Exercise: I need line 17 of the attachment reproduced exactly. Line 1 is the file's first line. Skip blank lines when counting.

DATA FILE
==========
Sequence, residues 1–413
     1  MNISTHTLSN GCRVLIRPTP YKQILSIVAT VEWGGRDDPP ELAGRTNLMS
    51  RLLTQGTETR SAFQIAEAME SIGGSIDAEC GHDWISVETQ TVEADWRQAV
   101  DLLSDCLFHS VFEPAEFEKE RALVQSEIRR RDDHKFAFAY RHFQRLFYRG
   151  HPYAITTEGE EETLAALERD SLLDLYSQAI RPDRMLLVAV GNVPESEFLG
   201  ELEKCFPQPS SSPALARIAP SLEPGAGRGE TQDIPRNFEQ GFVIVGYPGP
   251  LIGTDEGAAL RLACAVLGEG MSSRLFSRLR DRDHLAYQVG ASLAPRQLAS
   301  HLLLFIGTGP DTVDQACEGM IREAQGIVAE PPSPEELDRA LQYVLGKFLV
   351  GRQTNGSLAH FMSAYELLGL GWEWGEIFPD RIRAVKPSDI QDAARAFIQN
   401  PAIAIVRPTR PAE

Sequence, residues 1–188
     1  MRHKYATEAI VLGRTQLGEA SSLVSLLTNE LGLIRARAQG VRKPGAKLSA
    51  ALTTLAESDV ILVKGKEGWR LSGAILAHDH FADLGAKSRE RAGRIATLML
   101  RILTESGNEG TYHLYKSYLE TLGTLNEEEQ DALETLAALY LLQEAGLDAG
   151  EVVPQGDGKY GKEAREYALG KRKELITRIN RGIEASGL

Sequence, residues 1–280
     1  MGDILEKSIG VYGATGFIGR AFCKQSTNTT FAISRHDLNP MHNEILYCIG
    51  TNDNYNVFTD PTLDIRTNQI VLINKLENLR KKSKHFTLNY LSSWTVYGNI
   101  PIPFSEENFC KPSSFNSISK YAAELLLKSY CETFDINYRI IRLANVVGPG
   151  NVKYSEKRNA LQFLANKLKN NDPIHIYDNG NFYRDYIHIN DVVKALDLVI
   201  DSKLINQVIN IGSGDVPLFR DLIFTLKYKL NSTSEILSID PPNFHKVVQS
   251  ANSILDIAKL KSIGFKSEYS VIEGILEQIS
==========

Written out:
     1  MGDILEKSIG VYGATGFIGR AFCKQSTNTT FAISRHDLNP MHNEILYCIG